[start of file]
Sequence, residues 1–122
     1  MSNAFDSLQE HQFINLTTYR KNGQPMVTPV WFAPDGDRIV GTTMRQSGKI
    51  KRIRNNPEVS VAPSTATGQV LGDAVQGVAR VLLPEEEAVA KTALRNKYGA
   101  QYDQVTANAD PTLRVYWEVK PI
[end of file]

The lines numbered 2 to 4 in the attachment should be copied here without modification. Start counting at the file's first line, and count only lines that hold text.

     1  MSNAFDSLQE HQFINLTTYR KNGQPMVTPV WFAPDGDRIV GTTMRQSGKI
    51  KRIRNNPEVS VAPSTATGQV LGDAVQGVAR VLLPEEEAVA KTALRNKYGA
   101  QYDQVTANAD PTLRVYWEVK PI